by Robert Zak
previewed on X360
The weary and dangerous world is reflected in its washed-out color palette and ruined landscape that looks more akin to Demon's Souls than it does to the vibrant and colorful worlds of Final Fantasy or Dragon Quest. Don't expect to see many hand-holding friendships here; Nier's world is overrun by desperation and fear, with its people preferring to keep human contact to a minimum.
Square Enix have stressed that Nier is a mature game for a mature audience, focusing on themes such as loneliness and the relationship between father and daughter. However, while this was pointed out as something that distinguishes this game from others, the last few months have brought us a strong batch of mature/adult-themed games. The presence of Dragon Age: Origins, Mass Effect 2, Heavy Rain and Demon's Souls means that Nier has the unenviable task of breaking into a small but strong market aimed at the older gamer.
True to RPG formula, Nier gives a degree of freedom to the gamer as to how they approach the game. While certain quests are essential for the progress of the story, there are countless things you can do on the side to earn money. Since money can buy most things in Nier you will find it important to have a steady income. Aside from completing side-quests such as killing some lambs for someone in town, Nier can also try his hand at more domestic duties such as fishing and cultivating crops. As well as giving you a nice break from the high-intensity combat sequences, getting in touch with Nier's pastoral side is also very rewarding; you can earn plenty by growing fruits and vegetables or by fishing for sharks, or you can grow herbs that will come in handy on Nier's travels.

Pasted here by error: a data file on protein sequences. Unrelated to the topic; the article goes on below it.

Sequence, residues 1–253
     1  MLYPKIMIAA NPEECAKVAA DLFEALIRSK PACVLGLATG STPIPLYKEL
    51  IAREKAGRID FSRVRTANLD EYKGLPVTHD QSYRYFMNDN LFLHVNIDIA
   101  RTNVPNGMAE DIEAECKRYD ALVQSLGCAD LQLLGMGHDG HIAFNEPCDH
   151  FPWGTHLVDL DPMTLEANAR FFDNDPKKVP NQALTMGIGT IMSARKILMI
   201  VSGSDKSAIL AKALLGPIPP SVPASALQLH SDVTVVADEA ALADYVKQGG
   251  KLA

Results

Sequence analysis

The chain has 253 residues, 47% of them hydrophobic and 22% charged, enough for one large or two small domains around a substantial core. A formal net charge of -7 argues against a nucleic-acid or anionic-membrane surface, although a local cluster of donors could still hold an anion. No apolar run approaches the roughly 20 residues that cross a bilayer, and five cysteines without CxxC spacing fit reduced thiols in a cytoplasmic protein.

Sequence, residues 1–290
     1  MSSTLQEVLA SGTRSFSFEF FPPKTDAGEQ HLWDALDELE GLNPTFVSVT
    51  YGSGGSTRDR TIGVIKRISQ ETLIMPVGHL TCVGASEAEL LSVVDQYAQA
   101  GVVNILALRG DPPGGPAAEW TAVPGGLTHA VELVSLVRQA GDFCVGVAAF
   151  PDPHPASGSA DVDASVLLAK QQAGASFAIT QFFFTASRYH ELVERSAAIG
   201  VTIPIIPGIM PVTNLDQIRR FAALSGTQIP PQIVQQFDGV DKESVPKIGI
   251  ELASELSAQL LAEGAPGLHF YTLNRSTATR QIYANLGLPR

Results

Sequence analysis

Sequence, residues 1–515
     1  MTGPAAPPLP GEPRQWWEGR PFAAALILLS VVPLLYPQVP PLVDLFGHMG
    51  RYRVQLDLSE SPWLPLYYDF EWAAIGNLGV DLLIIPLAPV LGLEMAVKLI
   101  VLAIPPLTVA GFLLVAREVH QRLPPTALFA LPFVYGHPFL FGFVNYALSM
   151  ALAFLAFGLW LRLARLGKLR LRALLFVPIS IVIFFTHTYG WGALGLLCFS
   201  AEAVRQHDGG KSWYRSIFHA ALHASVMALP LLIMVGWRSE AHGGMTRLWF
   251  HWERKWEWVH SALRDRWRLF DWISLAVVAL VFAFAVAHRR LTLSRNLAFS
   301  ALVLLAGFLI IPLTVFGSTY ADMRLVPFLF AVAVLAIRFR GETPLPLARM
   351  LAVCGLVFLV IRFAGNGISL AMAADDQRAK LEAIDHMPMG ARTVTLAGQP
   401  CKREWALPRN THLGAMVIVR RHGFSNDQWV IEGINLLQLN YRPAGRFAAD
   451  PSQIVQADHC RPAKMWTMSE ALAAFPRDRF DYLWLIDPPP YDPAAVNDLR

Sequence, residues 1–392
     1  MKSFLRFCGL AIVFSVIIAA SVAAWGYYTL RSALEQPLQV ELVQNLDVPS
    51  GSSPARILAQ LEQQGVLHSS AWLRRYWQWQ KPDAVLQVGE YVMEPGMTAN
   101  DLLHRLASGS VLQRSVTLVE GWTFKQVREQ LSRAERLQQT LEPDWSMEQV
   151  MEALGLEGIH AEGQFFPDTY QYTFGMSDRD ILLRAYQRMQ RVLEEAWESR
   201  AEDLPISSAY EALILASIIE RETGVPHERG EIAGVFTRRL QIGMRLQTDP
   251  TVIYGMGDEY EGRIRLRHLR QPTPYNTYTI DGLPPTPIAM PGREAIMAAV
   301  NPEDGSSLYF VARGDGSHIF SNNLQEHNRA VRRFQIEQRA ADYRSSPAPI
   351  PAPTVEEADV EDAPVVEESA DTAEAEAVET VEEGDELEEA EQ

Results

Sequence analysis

To simply label Nier as an Action-RPG wouldn't do justice to how unique this game is. Square Enix have been creative in adapting the camera to best suit a given part of the game, even if it breaks dramatically from the default 3rd-person view. So don't be surprised if you suddenly find yourself jumping across a 2D platformer screen or fighting from a birds-eye view perspective. This is an inventive way of varying the gameplay and, as well as paying homage to gaming's roots, keeps you guessing as to what twists and surprises Nier will throw at you next.
The decision to release Nier in April this year is a slightly perplexing one. Square Enix's very own Final Fantasy XIII is just released, which will surely distract a good portion of the gaming population for a good amount of time. However, Nier clearly isn't copying its competitors and looks set to give a unique and engrossing game experience that can be appreciated no matter what games the masses are currently playing. Whether this ambitious approach can draw gamers away from their current RPG preoccupations will become clearer on 27 April when Nier will become available for PS3 and Xbox 360.